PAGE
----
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Setting out boldly: the Youth Endowment Fund marks its first major milestone


10 Oct 2019

YEF director of evidence & evaluation Jane O'Brien marks the announcement of the Youth Endowment Fund's first round of grant recipients - the start of a 10-year journey to build and share high-quality evidence on interventions to reduce the impact of violence on young lives.

Today, the Youth Endowment Fund (YEF) reached its first major landmark, announcing the first round of successful projects. The fund has committed £16.2 million over the next two years to 22 projects aiming to tackle serious crime and violence among 10 to 14-year-olds. The projects funded in this round will reach over 30,000 children across England and Wales. These range from mentoring programmes in primary schools to intense at home family therapy; from building resilience through sports and outdoor activities to engaging with young people already in trouble in police stations. (You can see a full list here.)

Currently there are a multitude of projects, programmes and activities in the youth space aiming to prevent crime. But there is not enough knowledge about what works, for whom, when or how.

That's why the YEF isn't just about funding programmes. What's different and significant is that every project we fund will also undergo a robust independent evaluation. It’s these evaluations that will fill the gaps in our understanding, build our knowledge, and contribute to the evidence base on what is effective and how it is effective at preventing young people from becoming involved in serious crime. Over time, we'll also want to explore how interventions and services work best together (acknowledging that taking part in a single programme may not be enough by itself to divert an at-risk young person from involvement in serious crime years down the track). 

Across the board, we know that there is a significant economic cost if an intervention comes too late. But in the context of serious crime and violence, the cost for young people themselves (as victims and perpetrators), their families and communities, is immeasurable. It ruins and ends young lives. By focusing on 10 to 14-year-olds (before the peak age for youth offending), our work will seek to identify risk and protective factors, find out what is effective and how different agencies work together, as well as carry out robust evaluations to find which interventions can bring about demonstrable and measurable benefits for children and young people.

As one of the newest What Works centres, we are interested in early intervention and measuring long-term outcomes. Three partners (Impetus, Social Investment Business and the Early Intervention Foundation) have come together to deliver the fund. This blend of organisations brings many strengths, including our experience of generating, disseminating and getting evidence on early interventions used across the multitude of agencies that work with children.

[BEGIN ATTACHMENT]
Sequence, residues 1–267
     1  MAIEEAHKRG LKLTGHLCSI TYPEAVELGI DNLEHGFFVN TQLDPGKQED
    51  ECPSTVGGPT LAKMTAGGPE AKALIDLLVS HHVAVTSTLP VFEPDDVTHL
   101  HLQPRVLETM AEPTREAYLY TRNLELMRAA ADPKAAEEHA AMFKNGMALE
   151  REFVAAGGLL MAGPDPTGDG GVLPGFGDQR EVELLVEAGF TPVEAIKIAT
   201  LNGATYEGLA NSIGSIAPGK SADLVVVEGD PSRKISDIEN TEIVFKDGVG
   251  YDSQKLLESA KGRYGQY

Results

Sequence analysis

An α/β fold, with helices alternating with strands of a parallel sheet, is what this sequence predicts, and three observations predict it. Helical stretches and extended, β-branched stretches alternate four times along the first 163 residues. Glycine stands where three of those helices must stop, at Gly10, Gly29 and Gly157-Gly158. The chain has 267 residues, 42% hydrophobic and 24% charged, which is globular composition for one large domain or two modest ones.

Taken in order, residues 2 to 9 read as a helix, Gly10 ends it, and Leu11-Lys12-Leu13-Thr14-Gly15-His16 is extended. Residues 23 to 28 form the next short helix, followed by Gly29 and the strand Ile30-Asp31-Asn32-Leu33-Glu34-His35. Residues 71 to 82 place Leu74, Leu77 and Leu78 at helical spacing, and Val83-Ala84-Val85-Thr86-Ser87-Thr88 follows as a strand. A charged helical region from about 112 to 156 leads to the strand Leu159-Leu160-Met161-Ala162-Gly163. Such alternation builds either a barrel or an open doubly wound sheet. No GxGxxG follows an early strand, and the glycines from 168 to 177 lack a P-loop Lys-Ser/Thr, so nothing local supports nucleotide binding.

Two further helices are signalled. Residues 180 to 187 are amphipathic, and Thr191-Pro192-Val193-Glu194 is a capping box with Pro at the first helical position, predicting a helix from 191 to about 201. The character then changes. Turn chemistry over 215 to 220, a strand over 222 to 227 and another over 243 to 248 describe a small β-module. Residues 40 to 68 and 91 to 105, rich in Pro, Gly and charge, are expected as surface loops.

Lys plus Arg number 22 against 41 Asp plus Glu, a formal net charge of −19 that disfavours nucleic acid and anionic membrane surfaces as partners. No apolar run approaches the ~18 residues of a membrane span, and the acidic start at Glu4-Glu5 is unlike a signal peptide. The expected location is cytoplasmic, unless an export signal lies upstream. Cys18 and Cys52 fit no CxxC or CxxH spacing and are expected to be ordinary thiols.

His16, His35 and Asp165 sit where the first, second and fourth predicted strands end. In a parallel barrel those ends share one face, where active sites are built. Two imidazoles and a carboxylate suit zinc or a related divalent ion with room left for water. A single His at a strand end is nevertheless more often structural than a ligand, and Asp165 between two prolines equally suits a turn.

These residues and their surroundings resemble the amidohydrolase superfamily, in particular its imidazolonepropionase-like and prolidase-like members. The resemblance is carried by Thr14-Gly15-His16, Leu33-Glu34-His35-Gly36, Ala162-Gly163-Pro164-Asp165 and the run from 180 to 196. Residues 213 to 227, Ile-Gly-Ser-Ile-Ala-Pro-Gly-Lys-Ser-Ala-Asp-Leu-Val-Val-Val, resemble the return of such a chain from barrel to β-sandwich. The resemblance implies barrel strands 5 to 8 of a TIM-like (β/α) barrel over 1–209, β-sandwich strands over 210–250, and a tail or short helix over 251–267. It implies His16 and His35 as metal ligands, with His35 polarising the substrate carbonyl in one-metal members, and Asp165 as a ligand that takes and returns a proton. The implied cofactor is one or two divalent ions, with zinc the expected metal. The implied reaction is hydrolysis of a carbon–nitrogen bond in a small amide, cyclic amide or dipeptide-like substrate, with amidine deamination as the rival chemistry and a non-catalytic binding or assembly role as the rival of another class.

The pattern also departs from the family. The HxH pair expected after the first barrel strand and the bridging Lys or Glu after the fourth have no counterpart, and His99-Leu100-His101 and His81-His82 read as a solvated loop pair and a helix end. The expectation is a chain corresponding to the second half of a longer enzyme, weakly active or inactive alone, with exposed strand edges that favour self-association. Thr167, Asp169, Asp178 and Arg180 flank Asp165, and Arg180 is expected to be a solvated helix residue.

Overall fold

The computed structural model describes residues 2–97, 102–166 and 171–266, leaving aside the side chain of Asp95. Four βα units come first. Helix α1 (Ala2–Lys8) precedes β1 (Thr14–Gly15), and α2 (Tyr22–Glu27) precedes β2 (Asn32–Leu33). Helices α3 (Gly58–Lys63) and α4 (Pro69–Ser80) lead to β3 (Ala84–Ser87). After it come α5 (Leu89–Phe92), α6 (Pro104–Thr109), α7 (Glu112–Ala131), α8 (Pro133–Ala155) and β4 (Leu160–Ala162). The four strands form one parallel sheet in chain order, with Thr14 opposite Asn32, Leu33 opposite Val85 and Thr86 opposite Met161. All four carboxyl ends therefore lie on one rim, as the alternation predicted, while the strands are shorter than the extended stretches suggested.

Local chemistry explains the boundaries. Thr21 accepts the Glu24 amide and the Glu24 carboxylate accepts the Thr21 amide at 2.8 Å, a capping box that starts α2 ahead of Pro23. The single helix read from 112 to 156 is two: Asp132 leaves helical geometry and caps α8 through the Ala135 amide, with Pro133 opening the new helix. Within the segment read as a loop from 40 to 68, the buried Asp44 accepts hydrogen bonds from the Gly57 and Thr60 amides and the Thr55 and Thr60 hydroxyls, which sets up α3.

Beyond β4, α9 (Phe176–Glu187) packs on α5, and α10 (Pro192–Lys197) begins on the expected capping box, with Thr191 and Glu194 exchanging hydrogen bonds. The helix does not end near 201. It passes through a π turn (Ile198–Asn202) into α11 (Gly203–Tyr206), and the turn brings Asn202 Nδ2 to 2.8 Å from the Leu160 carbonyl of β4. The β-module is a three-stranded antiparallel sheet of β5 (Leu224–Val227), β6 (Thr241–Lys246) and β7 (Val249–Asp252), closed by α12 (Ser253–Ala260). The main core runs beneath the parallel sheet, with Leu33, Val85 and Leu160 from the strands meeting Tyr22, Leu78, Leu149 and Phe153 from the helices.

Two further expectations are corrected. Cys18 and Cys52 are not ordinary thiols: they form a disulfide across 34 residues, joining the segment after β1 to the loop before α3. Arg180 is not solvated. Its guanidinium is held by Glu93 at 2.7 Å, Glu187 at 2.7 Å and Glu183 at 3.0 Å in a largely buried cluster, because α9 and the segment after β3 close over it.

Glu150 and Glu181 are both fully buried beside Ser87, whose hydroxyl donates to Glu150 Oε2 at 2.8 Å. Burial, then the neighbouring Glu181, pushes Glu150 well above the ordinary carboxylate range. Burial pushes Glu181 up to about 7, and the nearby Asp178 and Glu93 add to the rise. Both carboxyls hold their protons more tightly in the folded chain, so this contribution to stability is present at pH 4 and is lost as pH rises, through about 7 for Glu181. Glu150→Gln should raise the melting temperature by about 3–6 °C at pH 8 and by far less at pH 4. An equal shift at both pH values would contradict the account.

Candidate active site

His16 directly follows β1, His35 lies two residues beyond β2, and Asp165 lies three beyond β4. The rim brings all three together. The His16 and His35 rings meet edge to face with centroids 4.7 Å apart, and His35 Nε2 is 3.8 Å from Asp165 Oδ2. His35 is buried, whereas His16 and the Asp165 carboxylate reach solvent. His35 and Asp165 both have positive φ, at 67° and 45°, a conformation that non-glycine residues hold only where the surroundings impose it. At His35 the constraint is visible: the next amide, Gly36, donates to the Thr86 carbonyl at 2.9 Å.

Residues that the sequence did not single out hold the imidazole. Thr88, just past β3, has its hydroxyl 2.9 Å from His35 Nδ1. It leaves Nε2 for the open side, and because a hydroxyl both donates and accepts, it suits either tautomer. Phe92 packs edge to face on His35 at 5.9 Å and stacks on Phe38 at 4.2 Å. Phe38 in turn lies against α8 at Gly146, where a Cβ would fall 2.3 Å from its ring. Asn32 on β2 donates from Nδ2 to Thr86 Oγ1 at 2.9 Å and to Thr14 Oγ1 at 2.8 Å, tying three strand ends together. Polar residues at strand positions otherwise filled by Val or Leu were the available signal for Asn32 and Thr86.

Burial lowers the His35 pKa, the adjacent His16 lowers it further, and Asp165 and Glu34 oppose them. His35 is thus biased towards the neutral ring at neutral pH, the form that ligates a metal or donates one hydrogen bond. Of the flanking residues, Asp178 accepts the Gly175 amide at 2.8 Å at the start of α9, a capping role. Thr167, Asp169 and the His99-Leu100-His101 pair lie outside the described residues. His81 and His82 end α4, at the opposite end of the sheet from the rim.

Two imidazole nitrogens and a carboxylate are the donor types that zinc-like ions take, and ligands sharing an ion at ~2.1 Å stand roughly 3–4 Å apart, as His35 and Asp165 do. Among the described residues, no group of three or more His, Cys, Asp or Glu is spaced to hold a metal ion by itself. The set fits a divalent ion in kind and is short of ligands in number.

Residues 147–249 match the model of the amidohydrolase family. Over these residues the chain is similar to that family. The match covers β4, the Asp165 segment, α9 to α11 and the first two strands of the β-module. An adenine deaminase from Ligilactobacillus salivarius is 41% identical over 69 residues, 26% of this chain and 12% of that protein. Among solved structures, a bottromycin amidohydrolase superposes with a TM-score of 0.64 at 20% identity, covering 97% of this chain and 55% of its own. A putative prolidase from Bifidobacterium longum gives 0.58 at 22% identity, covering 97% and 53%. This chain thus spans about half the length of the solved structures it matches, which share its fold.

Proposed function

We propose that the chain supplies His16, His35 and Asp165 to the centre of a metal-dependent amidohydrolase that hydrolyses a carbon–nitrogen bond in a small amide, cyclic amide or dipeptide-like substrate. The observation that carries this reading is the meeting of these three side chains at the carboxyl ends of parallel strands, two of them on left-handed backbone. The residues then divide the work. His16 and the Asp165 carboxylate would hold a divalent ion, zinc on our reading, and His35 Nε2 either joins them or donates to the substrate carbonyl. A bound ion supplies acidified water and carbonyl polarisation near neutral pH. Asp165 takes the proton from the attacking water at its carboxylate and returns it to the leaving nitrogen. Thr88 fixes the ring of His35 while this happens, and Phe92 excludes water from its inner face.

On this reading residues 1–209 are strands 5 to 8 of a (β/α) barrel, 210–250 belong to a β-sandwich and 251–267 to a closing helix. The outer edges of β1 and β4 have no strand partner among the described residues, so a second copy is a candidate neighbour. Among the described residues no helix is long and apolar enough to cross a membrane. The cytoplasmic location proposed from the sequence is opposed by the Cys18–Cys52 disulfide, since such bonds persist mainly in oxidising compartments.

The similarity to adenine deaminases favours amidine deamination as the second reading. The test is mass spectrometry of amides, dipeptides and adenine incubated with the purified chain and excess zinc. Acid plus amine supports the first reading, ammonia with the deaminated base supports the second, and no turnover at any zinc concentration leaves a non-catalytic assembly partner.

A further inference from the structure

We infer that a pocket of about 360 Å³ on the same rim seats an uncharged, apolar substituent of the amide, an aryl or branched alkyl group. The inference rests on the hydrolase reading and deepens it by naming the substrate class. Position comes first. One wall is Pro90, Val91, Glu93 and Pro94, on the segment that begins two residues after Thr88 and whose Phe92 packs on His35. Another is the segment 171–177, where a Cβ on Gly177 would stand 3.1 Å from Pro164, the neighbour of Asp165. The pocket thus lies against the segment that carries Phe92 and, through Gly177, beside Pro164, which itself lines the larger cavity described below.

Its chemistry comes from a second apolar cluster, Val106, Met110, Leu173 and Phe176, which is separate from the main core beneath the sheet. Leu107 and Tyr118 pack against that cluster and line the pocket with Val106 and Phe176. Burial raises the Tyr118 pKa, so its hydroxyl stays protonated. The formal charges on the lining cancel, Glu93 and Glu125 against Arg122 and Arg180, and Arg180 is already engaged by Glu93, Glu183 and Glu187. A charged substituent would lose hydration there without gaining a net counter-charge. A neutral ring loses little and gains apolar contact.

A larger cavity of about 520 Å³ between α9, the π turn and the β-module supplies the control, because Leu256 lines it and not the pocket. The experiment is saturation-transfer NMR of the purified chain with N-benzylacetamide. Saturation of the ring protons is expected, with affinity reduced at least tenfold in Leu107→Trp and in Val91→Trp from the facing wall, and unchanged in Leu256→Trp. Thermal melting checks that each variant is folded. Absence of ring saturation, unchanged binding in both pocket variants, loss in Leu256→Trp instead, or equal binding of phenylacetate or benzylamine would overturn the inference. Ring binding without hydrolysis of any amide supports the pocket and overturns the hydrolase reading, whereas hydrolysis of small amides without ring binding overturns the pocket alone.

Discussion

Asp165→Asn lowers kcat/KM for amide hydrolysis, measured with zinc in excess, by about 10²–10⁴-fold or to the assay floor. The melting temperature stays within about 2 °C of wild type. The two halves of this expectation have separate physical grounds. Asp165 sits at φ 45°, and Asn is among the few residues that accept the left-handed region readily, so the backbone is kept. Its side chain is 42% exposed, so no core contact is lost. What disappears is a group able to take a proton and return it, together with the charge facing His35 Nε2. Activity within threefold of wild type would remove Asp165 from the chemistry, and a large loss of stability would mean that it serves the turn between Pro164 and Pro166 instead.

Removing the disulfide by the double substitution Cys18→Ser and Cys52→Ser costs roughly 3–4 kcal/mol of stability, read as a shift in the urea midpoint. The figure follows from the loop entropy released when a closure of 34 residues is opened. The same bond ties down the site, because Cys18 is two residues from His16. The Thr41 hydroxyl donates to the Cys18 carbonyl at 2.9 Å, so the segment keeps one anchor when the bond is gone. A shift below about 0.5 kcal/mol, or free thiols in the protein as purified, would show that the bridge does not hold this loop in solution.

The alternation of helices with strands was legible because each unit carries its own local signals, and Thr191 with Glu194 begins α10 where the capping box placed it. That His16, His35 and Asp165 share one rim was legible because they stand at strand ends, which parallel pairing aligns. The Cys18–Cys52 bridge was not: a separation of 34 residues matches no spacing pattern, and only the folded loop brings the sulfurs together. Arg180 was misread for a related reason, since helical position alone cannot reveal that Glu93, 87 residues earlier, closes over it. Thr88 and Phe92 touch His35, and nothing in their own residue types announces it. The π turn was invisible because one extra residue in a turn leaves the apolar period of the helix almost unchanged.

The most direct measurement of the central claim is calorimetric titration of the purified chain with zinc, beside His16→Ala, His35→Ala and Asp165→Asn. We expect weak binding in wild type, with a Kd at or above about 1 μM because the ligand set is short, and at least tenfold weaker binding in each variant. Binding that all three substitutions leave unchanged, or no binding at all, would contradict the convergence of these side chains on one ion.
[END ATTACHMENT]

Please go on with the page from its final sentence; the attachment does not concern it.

The first round of evaluations of our successful 22 grantees will be carried out by universities and research institutes from our new evaluator panel, who have designed evaluations appropriate to the size of each project and where it is on its evidence journey. The evaluations range from feasibility studies for innovative projects in the early stages of their journey, to pilot studies of more established programmes and efficacy trials of interventions, including a few that have good evidence from North America, which we want to test to find out how well they work here in the UK.

This round of projects and evaluations is only the start. The YEF team is working with other organisations that have expertise in the sector, getting to grips with the evidence base, identifying what we already know to be effective or ineffective based on evidence from the UK and abroad, interrogating large datasets, and working with other data scientists on how to track young people's outcomes over time. Like many of the projects we are funding, we too are at the start of a learning journey. Today marks the beginning of the first substantial investment in early intervention and evidence from the Youth Endowment Fund, with many more rounds to come over the next 10 years.

A decade allows us to take a long-term strategic approach to building the evidence base and engaging with experts and frontline practitioners across many sectors. It allows us to work with projects to test, learn and adapt, and to capacity-build to deliver at scale. It also gives us time to consider more place-based, child- and community-centred approaches, where we can evaluate how a suite of programmes might work together to prevent our young people from getting caught up in crime and serious violence. We boldly go.